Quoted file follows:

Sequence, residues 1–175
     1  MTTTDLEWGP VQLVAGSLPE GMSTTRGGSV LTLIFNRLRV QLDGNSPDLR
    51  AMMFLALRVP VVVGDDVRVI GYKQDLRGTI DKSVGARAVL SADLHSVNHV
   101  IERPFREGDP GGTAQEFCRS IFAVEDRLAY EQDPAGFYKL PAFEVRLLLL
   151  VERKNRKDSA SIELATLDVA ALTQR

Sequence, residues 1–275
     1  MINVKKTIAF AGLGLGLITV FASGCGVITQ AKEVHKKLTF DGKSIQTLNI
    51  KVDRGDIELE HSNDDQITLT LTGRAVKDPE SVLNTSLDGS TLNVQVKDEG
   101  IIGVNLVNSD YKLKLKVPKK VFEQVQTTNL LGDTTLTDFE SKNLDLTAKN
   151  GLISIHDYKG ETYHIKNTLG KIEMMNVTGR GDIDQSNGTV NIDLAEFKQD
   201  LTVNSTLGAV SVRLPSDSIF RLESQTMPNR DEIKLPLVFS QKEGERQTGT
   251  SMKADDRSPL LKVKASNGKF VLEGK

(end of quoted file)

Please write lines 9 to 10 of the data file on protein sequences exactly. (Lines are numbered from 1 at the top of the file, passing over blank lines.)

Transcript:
   101  IIGVNLVNSD YKLKLKVPKK VFEQVQTTNL LGDTTLTDFE SKNLDLTAKN
   151  GLISIHDYKG ETYHIKNTLG KIEMMNVTGR GDIDQSNGTV NIDLAEFKQD